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The opening 30 minutes are less than satisfying and to be completely honest was quite ‘lulz’. Here we are introduced to some new main characters Finn (John Boyega) and Poe Dameron (Oscar Isaac – who is terribly underused here). Finn is actually a stormtrooper, but get this..a stormtrooper with feelings?? no ..stormtroopers are not allowed those. But hey they are taking a risk here by doing that right – which is okay by me. Then Poe, who is head of the resistance pilots, gets captured and Finn helps him escape for which when Poe asks why, gets the answer of “Because it’s the right thing to do” what?? that’s just weak.. sorry but it is. It doesn’t fit in a Star Wars film. So as predicted they crash and it seems only Finn survives. But you also know that there is no way Poe is dead & gone, but this goes unexplained for some time, until he magically shows up later with barely a plausable explantion.

While she is no Furiosa, Rey (Daisy Ridley) has somewhat the same inplausability factor when we meet as her as she & Finn are all about saving each other within minutes of meeting. But then again, I like the risk-taking factor of appointing a strong female lead.
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Along with that part of the main cast, we are introduced to the mostly all Britsh/Irish (I guess a galaxy ‘far far away’ is now the U.K. ha!) cast of the Dark Side, notably General Hux (Domhnall Gleason), Supreme Leader Snoke (Andy Serkis) and Captain Phasma (Gwendoline Christie – also terribly underused) to name just a few.

As expected, the robots especially BB8 (Bill Hader/Ben Schwartz – voice consultants), along with Chewbaca (Peter Mayhew) & Hans Solo (Harrison Ford) steal and deliver the best comedic one takes. While the new characters try, they fail quite miserably at trying to deliver cutesy one-liners that aren’t funny.
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While I loved the flashbacks to the Star Wars of old, including the graveyard of old spaceships, Hans Solo getting back onboard with his old ship is nothing less than classic. And who doesn’t want to see Princess Leia (Carrie Fisher) and Solo reunite after years of separation?!! All these scenes and storylines are simply wonderful.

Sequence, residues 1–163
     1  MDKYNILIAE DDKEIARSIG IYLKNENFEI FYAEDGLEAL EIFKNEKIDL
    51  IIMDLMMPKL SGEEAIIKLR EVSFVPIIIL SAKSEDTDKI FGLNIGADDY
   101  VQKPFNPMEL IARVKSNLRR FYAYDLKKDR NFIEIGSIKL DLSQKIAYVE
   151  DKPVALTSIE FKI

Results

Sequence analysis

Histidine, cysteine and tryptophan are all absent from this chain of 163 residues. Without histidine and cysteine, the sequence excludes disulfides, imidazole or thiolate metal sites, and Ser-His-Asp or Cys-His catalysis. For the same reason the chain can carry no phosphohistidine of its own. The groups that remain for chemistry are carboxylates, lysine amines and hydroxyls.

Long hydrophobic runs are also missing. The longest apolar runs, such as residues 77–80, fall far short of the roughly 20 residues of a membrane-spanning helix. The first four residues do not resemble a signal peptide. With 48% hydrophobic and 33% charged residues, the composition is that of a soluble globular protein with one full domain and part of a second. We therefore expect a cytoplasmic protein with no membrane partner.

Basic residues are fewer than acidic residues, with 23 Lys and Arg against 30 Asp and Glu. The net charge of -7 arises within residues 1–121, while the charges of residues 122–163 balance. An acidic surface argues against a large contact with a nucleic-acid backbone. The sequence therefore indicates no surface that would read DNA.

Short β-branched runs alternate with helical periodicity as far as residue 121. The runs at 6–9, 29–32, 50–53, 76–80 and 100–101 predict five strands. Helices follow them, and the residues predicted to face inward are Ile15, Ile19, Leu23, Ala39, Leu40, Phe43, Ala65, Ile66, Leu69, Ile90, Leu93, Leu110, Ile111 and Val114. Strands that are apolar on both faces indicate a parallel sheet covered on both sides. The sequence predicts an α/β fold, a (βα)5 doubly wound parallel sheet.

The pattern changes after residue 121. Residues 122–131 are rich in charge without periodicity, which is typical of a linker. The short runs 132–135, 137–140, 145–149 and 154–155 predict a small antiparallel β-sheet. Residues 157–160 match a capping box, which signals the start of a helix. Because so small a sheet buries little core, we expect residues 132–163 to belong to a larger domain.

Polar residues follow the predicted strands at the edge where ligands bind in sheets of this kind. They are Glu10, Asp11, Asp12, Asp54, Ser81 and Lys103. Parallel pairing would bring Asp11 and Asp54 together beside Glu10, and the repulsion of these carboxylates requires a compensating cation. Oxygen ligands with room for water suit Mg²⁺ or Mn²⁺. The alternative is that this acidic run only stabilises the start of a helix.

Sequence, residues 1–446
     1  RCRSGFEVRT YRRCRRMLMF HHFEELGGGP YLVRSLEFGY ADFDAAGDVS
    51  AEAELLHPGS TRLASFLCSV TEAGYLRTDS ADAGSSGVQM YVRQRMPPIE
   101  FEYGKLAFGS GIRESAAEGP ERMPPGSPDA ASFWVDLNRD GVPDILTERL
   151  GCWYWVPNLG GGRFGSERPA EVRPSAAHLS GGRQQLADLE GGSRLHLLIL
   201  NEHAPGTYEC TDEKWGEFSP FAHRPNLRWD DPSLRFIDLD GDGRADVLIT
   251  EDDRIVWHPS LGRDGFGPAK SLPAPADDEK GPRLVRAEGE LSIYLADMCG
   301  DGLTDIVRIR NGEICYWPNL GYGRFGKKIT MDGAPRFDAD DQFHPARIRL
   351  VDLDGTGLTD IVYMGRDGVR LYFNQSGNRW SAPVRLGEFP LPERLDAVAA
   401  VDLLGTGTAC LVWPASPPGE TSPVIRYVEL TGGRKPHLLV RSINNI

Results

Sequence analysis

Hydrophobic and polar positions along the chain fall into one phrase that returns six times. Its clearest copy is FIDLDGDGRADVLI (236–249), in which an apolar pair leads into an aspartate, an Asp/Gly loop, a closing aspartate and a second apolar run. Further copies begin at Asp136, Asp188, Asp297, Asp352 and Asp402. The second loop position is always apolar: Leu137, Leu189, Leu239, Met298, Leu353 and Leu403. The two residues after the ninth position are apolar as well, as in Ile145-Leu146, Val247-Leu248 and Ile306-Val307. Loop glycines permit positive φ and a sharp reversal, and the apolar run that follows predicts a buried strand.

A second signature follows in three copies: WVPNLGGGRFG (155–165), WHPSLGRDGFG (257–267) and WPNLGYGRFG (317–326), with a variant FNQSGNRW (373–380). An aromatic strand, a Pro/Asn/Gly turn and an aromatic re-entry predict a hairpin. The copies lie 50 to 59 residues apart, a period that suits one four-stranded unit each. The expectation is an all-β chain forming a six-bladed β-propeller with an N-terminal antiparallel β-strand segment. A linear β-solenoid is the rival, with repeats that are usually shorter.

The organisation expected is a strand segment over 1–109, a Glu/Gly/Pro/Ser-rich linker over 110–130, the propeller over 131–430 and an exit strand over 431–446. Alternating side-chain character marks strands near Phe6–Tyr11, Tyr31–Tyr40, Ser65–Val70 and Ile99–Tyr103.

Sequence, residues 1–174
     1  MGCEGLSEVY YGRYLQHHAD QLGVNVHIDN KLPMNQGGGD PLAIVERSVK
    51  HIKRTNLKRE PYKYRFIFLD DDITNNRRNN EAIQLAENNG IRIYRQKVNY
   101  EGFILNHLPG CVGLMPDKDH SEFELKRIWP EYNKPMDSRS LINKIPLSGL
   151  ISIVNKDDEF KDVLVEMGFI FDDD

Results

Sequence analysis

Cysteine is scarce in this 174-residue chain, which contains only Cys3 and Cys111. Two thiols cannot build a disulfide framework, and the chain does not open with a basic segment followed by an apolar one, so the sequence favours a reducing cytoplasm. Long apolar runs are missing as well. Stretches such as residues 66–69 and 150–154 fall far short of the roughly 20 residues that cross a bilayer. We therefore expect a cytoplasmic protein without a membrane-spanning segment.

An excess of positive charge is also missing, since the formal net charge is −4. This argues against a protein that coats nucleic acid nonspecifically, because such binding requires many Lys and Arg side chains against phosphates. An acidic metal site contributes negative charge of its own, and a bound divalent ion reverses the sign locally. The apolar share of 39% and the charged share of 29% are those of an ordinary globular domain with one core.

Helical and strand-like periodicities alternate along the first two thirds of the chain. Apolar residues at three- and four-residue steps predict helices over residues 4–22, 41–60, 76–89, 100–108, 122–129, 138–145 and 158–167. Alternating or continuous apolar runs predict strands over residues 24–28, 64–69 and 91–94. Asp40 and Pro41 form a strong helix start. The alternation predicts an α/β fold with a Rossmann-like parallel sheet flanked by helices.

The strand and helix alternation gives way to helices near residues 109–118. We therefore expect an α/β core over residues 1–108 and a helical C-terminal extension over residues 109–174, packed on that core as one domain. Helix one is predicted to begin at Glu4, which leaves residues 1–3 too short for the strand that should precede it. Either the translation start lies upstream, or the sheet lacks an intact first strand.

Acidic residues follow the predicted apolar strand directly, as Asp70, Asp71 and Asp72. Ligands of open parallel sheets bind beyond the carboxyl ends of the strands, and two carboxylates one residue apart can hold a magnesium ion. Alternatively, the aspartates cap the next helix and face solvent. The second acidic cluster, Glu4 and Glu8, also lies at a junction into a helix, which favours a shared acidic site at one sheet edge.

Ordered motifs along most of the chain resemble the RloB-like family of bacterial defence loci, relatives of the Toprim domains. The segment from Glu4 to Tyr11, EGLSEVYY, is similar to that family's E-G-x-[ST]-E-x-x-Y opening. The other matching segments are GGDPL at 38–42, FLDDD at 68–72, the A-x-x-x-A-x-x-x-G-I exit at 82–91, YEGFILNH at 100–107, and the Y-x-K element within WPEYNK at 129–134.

Another big risk and a sad heartbreaking one at that, is saying good-bye to one of the most iconic characters ever concieved in this galaxy or any other for that matter. Did it have to be done? Maybe so because it seems J.J. Abrams had to basically make us try to forget those three intermediate bad storylines and get us back on track to what is important. Though I found Kylo Ren (Adam Driver) to be one of my least favourite characters (and actors) as it just seems to simple to say Skywalker was good out of Vader’s bad, but yet Ren is bad out of Solo & Leia’s good.
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Last note: I’m not the biggest 3D fan, but this film is so enhanced by it, it’s worth it. The final scene of the movie is by far what makes it all worth-while to see this film – as it gives us something to look forward to in Episode VIII and it tells us it will be so much better.

Grade: B-
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REVIEW: “THE REVENANT” ~ POST Q & A ~ LEONARDO DICAPRIO/DIR: ALEJANDRO GONZALEZ INARRITU/PROD: STEVE GOLAN & MARY PARENT

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Since I was lucky enough to be part of the first ever audience to see this remarkable picture with Leonardo DiCaprio & Alejandro González Iñárritu doing the post Q & A along with producers Steve Golan & Mary Parent ~ I think I can safely tell you all…Prepare to be blown away as I’ve personally never seen a film of this magnitude in my life. And here I thought Alejandro couldn’t outdo last years epic ‘Birdman’, well I was wrong. He can and he did.
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Along with the sure-fire Oscar gold performance of Leo DiCaprio here, ‘The Revenant’ follows the true story of the epic adventures of frontiersman Hugh Glass. It is also about someone trying to survive using the extraordinary power of the human spirit. In an expedition of uncharted America back in the fur trading days, legendary explorer Glass (Leonardo DiCaprio), is brutally mauled by a bear and left for dead by members of his own team. the revenant 7

In an effort to survive, and with a full heart of unimaginable grief and betrayal of trust by John Fitzgerald (Tom Hardy) and Jim Bridger (Will Poulter) for the death of his son, Glass is buried alive with injuries most would not be able to withstand. Full of anger he goes to the end of what is uncharted wilderness to find Fitzgerald and Bridger. Guided by sheer will and love for his son, Glass navigates a severe winter in the relentless pursuit to live and find redemption. And revenge. Yes, revenge, because make no mistake about it..this is a film of someone seeking revenge in it’s purest form. the revenant 4